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    Building, troubleshooting and testing of these amplifiers should only be
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    the safety precautions around high voltages.

12AX7, EL34 or 6L6 design wanted

Fiat1

Member
2001-10-08 2:55 pm
12AX7, EL34 or 6L6 design waned

Hi
I am wanting to start building my first valve amp. As a first project I would like something around the 20watt mark, and do it cheap! I have found this website that uses a 100volt impedance matching transformer as the output tran. http://www.alphalink.com.au/~cambie/6AN8amp/Grant_Wills_6CM5amp.htm
I would like to do something similar but I want to use valves that I have avaliable from local electronics shops. As stated in the website the transformer is 8k:8ohm.The valves I have avaliable are 12AX7, EL34 and 6L6. I assume the design would be PP. So if you have a design for such an amp please post it!
 
More details?

Hey.
8k seems a :little: high for 6l6...that is more in the el84/6V6 territory...BUT it can be done.
What topology are you looking at, and what will it be used for? Phono? Home Stereo? Will you need a preamp section?
It sounds like a push pull tranny that you will be using. And what is your price-to-tone ratio? If you just want to experiment with tubes, you could try a sinple output stage, like a self-split and eliminate the need for a phase splitter tube, thus keeping the current/voltage demands on the power supply lower, but they are not super popular...one of those lost designs I guess.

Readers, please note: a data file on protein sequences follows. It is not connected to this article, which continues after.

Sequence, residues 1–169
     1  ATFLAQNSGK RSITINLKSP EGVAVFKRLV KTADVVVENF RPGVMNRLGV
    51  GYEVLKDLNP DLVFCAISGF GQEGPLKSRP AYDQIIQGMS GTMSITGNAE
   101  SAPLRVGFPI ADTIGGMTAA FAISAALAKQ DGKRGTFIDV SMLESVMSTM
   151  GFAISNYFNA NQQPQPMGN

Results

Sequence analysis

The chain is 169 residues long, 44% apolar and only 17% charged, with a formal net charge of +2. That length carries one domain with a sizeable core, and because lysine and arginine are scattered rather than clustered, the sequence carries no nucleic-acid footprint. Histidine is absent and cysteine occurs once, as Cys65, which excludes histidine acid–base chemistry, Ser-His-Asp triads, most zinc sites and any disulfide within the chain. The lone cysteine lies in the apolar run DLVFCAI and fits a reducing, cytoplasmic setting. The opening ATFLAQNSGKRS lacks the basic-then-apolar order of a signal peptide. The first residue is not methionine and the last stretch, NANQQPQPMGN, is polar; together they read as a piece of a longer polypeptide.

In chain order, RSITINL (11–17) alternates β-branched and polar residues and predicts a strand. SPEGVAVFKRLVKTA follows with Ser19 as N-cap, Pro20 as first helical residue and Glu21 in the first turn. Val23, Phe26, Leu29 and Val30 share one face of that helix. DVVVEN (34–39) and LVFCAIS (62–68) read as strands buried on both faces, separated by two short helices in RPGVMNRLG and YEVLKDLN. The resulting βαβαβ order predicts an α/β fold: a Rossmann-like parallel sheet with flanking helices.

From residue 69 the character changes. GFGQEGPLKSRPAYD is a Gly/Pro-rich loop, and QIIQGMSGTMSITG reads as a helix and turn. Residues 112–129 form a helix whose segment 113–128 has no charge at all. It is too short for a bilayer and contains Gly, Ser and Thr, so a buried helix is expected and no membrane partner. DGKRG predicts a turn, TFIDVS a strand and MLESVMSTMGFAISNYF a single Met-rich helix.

Somrthing like this?

I just whipped this up as an example of a super simple circuit. It uses a concertina (split-load) driver with 1 gain stage before it, and runs the 6L6's in cathode bias/triode connection...simplest design I could thing of in the push-pull realm. You could use a 12ax7 as the driver/splitter, but the output impedance would be a bit high, a 12au7 would be a bit better, but either will function.
 

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Fiat1

Member
2001-10-08 2:55 pm
Hi aletheian

I will be using it for home stereo. A pre amp is not 100% nessary, but if there is a simple all in one solution then great. I can buy a vavle preamp as a kit from a local electronics store so I could go that route for the preamp.

Thanks for making that schematic! Since I am new to valves and their design do you have component values?

One question about power supplies, say I need 2 voltages ie 250volts and 6.3volts for the heaters, can I run the heaters off a seperate transformer?
 
Xfrmers

Hey man,
There are TONS of psu schematics floating around this website. The simplest type is the 'ol "brute force" unregulated supply...that should work fine for a first amp attempt. You could probably do it with as little as 2 diodes, 2 resistors and 2 capacitors in a simple RC filter circuit...like an old Dynaco.